On June 15, 2021, in solidarity with a number of my sex working comrades, I offered oral testimony to the Massachusetts Joint Committee on the Judiciary in favor of decriminalizing common nightwalking and against the Nordic model (also known as End Demand, or rather ironically, “the Equality Model”). I’m reposting it here.
Chair Eldridge, Chair Day, and the Members of the Committee on the Judiciary,
Thank you for having me today. My name is Kendra Albert, and I am an attorney at Harvard Law School, where I teach in the Cyberlaw Clinic. I am also an out transgender person, and I serve as the Director of the Initiative for a Representative First Amendment. My practice at the Cyberlaw Clinic focuses on the free speech impacts of regulation of sex work. I am here today to oppose bill H.1761/S.940 and to support bill H.1800/S.992.
Massachusetts has long been a national leader in evidence-based policy. What we know about sex work, both from what sex workers tell us and from research, is that harm to sex workers comes primarily from stigma and criminalization, not from the work itself. Because of that, repealing common nightwalking is vital - it removes one avenue that police use to profile sex workers and people who police believe look like sex workers. But merely erasing the most antiquated language while continuing to incentivize police targeting clients, as H.1761 does, just moves the problem around.
Making Massachusetts follow the evidence leads to supporting full decriminalization, not asymmetric criminalization under the guise of helping sex workers access exit services. Studies show that the model suggested by the advocates of H.1761/S.940 (generally called the “Nordic Model”) leads to reluctance to call police for help and may exacerbate violence. A peer-reviewed study released in Social Science of five “nordic” jurisdictions in Canada found that almost one third of sex workers surveyed would be unable to call 911 if there was an emergency.1 In another study from Montreal, sex workers reported dramatic increases in violence after Nordic-style policing was implemented.2 In fact, sex workers in Canada have had to file lawsuits to try to end human rights harms that comes from these failed policies. There is no evidence that the Nordic model reduces demand for sex work, nor that it reduces human trafficking.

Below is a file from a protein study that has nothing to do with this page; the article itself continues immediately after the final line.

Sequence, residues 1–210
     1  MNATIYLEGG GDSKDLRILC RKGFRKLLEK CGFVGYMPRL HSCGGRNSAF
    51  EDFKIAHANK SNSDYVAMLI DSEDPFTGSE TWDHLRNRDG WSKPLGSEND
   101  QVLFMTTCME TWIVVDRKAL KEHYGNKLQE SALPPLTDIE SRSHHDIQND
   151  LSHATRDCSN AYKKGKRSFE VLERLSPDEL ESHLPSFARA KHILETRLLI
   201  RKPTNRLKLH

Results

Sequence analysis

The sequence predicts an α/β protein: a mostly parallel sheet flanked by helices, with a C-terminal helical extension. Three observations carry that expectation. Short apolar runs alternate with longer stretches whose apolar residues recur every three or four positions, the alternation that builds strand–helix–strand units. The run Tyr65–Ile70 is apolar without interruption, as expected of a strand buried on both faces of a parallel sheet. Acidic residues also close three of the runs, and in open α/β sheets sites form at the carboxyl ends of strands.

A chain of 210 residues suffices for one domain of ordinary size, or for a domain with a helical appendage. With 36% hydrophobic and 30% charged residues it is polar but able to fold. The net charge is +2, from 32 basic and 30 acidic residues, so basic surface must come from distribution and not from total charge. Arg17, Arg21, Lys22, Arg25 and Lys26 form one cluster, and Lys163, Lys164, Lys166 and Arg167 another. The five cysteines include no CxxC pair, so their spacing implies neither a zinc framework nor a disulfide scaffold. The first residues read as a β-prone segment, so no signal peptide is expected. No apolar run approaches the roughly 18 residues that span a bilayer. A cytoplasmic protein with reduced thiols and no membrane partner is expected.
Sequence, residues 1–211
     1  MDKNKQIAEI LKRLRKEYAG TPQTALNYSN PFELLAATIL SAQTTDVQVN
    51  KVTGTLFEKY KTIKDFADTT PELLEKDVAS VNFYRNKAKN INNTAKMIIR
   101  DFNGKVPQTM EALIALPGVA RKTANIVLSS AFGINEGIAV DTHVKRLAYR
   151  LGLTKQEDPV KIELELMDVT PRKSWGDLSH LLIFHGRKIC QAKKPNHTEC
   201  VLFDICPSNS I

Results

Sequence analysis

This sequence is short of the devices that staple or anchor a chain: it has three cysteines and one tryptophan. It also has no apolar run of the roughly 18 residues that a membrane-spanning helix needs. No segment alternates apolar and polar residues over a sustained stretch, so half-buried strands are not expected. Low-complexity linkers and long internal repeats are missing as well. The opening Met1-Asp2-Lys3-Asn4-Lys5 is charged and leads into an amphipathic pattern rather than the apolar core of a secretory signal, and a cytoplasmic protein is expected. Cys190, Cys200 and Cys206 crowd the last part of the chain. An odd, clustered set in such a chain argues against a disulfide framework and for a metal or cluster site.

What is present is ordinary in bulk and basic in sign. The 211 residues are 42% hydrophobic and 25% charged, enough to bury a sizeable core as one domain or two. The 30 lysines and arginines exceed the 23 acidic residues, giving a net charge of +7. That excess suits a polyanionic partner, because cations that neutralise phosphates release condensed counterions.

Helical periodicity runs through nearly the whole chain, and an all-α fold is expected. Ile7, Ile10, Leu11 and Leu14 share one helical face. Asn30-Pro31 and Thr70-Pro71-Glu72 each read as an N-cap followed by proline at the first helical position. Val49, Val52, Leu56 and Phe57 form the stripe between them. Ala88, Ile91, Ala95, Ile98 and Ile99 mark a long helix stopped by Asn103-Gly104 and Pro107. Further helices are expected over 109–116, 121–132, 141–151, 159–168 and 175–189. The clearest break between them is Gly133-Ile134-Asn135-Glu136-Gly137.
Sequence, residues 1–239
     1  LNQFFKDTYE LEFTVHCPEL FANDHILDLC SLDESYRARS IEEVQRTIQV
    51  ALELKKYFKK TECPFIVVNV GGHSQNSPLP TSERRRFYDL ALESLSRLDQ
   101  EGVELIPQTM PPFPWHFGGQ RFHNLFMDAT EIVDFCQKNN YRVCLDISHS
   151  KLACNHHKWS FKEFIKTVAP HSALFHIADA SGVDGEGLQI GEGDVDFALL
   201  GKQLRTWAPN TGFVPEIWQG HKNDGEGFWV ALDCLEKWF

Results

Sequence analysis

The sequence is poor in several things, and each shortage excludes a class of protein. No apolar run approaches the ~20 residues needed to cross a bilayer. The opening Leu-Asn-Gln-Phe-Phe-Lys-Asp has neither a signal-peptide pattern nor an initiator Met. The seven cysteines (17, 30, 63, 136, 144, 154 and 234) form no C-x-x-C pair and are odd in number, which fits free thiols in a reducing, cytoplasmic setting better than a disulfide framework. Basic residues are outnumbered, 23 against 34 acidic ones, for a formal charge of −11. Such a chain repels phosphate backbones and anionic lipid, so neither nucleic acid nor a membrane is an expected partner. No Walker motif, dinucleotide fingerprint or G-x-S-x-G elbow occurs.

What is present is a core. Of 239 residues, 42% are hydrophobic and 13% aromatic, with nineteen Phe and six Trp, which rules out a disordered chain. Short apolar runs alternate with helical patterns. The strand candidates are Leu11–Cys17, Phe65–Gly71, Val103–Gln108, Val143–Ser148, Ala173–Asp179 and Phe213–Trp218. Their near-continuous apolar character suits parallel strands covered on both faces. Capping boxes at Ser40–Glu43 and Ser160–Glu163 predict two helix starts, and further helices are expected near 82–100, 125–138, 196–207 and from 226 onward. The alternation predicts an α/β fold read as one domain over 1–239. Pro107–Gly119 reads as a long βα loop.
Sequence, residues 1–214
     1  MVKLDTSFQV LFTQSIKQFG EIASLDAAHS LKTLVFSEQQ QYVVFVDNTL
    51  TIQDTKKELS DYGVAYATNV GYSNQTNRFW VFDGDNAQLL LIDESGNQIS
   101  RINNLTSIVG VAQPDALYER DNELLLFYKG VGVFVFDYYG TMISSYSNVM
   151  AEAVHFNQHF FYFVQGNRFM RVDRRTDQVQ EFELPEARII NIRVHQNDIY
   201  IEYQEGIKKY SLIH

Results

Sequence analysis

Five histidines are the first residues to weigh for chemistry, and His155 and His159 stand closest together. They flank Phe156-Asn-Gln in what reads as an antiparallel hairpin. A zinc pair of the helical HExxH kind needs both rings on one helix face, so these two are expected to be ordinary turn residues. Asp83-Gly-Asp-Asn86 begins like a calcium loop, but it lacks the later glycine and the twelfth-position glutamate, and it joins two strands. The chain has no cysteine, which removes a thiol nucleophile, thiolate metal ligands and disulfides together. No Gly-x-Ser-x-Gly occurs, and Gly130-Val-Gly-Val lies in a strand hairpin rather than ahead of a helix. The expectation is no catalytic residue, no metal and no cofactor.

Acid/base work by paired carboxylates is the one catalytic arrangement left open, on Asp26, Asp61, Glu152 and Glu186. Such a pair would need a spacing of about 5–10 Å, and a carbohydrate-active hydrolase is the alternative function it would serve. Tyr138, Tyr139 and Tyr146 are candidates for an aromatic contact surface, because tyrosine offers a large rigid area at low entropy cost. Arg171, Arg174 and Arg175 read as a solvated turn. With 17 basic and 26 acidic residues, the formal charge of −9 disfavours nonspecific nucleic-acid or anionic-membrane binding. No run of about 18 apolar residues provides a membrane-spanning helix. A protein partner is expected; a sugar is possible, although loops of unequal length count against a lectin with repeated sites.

Sex workers in Massachusetts deserve better than a policy intervention that has already failed elsewhere. For those reasons, I encourage you to support full decriminalization, H.1867, or as an interim step, the full repeal of the common nightwalking crime, H.1800/S.992, rather than providing favorable reviews on H.1761/S.940.
Thank you for your time and the opportunity to testify.
Crago A-L, Bruckert C, Braschel M, Shannon K. Sex Workers’ Access to Police Assistance in Safety Emergencies and Means of Escape from Situations of Violence and Confinement under an “End Demand” Criminalization Model: A Five City Study in Canada. Social Sciences. 2021; 10(1):13. https://doi.org/10.3390/socsci10010013. ↩
Chu, S. K. (2013). Sex Work Law Reform in Canada: Considering Problems with the Nordic Model. Alberta Law Review, 51(1). Retrieved from http://www.aidslaw.ca/site/wp-content/uploads/2014/06/Nordic_model-ALR-Oct2013.pdf ↩